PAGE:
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Obama Practices Pragmatic Foreign Policy a la Eisenhower and GHW Bush

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Eisenhower and Obama - practioners of pragmatic foriegn policyThis week’s edition of The New Republic has two great articles explaining Obama’s policies, particularly in contrast with the sometimes hyperbolic rhetoric of Romney. The first article deals with how much businesses actually depend upon government, at all levels, to support and help them build and sustain their business. However, the second article, Love Classic Republican Foreign Policy? Vote For Obama by Jonathan Rauch, receives my attention today.

For me, this article deserves special attention because I grew up in the military and my ex-husband is a Vietnam vet. The first 25 years of my life were dominated by the military and national security, stretching back to Dwight D. Eisenhower. I was too young to remember Truman, but I do fondly remember Eisenhower.

As a result of being a military brat and wife, I hold a profoundly different view from Romney’s neo-con advisers, all of whom worked for GW Bush. Those neo-cons, none of whom served in the military or grew up in the military, express a hegemonic view of US foreign policy based on the US military war powers. Yet, that kind of militarism is fairly new in American foreign policy that only took effect after the end of the Vietnam War.

As Rauch writes, anyone who remembers and enjoyed the modesty and pragmatism of Eisenhower and GHW Bush should appreciate Obama’s foreign policy.

Two diplomatic officials, one current and one former, balk at calling Obama a realist; he is not coldly manipulative or indifferent to human rights. (For example: Obama has done more to stand up for gay rights internationally than any previous world leader.) But they concur that he is outcome-oriented, a pragmatist rather than an idealist or visionary. “He’s focused on the bottom line: what are our key equities and how do we protect them,” says the serving diplomat. At the Brookings Institution, Tamara Cofman Wittes, a former Obama State Department official, says Obama believes in bending the arc of history, but also believes you can’t bend it at right angles. “He’s playing a long game and doing it pretty well.”

The kind of realism Obama practices is founded not on Machiavellian amorality but on a theory about where peace comes from. For Republican hawks and neocons, peace comes from American strength and hegemony; for Democratic doves and internationalists, peace comes from international cooperation and transnational institutions. Obama’s realism, like that of Ike and Bush 41 holds that American strength and international cooperation both have their place, but that peace comes from equilibrium between contending forces. To realists, power may not be admirable, but it must always be dealt with; and, in dealing with it, conserving and effectively deploying America’s power, a scarce and precious commodity, is Priority One, for it is the commodity upon which human rights and U.S. hegemony alike ultimately depend.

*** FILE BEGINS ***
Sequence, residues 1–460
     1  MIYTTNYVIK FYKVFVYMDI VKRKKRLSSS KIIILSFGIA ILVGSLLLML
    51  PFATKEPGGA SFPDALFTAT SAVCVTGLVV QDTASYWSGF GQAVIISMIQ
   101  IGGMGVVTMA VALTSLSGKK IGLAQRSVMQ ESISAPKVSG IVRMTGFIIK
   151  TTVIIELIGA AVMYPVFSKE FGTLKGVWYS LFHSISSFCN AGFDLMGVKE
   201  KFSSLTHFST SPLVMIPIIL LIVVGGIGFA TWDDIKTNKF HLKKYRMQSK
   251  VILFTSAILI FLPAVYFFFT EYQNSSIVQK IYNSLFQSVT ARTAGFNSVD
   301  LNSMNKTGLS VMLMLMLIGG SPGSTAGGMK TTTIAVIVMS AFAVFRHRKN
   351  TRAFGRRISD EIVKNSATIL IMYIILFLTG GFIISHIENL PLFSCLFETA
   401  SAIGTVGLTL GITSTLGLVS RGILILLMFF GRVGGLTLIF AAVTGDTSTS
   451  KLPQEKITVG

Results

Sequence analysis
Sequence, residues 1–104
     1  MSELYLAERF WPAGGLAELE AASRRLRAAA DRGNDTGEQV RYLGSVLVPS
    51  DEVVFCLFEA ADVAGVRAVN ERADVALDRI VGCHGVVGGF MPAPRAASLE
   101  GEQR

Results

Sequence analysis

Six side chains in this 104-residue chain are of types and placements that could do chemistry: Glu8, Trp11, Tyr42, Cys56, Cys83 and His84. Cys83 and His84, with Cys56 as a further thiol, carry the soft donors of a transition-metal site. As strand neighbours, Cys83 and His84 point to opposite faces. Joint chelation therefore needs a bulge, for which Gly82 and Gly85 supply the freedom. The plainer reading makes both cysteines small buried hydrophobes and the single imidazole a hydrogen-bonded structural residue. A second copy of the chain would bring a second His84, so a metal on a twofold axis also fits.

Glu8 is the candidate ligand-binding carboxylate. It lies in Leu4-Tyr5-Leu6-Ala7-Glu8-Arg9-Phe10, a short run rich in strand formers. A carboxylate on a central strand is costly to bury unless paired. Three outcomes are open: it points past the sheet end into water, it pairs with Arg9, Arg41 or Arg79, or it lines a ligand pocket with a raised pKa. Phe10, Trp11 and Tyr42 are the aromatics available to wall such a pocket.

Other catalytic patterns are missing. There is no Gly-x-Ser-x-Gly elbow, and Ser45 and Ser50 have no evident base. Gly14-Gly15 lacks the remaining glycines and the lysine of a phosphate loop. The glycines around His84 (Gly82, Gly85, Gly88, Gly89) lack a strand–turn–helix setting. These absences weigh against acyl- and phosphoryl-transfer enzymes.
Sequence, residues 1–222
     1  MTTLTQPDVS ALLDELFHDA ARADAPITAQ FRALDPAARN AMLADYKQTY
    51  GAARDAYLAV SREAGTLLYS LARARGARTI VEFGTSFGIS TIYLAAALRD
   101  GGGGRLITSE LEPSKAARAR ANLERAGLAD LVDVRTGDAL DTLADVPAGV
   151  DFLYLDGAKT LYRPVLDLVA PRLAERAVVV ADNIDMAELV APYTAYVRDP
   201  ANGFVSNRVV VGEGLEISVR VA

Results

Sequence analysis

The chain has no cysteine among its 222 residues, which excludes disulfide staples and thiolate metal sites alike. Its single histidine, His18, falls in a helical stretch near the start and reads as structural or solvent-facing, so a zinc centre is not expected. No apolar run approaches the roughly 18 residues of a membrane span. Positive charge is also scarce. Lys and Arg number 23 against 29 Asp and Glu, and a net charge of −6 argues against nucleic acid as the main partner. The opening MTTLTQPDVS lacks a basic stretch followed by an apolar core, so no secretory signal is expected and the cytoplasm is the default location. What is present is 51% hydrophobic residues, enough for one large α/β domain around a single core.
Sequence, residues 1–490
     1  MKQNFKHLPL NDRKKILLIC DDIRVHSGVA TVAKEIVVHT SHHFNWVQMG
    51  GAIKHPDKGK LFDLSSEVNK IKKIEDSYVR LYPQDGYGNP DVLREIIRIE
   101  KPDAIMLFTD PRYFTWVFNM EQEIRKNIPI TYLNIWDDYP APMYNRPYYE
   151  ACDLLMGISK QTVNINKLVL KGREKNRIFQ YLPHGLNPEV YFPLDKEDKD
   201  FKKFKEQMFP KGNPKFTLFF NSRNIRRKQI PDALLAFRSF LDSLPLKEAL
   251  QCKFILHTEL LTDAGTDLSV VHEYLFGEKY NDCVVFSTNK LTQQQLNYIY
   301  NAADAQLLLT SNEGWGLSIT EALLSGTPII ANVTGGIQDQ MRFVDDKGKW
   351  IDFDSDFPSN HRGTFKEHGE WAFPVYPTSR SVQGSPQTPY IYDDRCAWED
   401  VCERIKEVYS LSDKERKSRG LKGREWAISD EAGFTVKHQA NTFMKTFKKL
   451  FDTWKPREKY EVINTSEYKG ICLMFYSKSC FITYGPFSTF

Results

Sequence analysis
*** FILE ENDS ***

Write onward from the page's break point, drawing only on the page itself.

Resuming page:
A realist may choose to upset an equilibrium now and then, but never lightly. Power, like a floodtide surge, has its own hydraulics. Once equilibrium is gone, it can be very hard and costly to restore. For very different reasons, human rights activists and neocons deplore Obama’s slowness to jump into the fray when rotten and antagonistic old orders tremble in places like Iran, Libya, Egypt, and now Syria. Eisenhower and Bush, however, understood well the importance of looking before leaping, whether in Suez and eastern Europe in the 1950s or in Ukraine and the Balkans in the early 1990s. Obama is in their mold.

Obama’s quiet accomplishment, in foreign policy, has been to do just as he promised: take the best ideas from the other side, integrate them into his own party’s tradition, and put them to work to strengthen the country’s position. Being a dab hand at foreign affairs will not, it’s true, save him in 2012, any more than it saved Bush 41 from the soft economy 20 years ago. What it has done is kept him viable in a miserable environment, improved the Democrats’ credibility on national security, taken from the Republicans the foreign-policy real estate that they used to own—and left Mitt Romney standing in a puddle of his own shallow verbiage.

Nevertheless, I disagree about Rauch’s claim that Obama had little foreign policy experience or interest. After all, Obama spent several impressionable, youthful years in the Indonesia and as a young man hitch hiked his way from Indonesia to Pakistan.

In some ways, those experiences, living amongst and traveling with native residents, gave him more foreign policy experience than all those sitting in comfortable academic offices or discussing foreign affairs with high level diplomats. Moreover, Obama’s first Senate foreign policy mentor was the Senate dean of foreign policy, Senator Dick Lugar. Lugar said Obama peppered him with questions on their trips overseas and that Obama worked closely with him on the Soviet Arms Treaty. In fact, contrary to Rauch, Obama ran for the presidency on foreign policy. It wasn’t until the financial system crashed in 2008 that his primary focus had to change to domestic economic policy.

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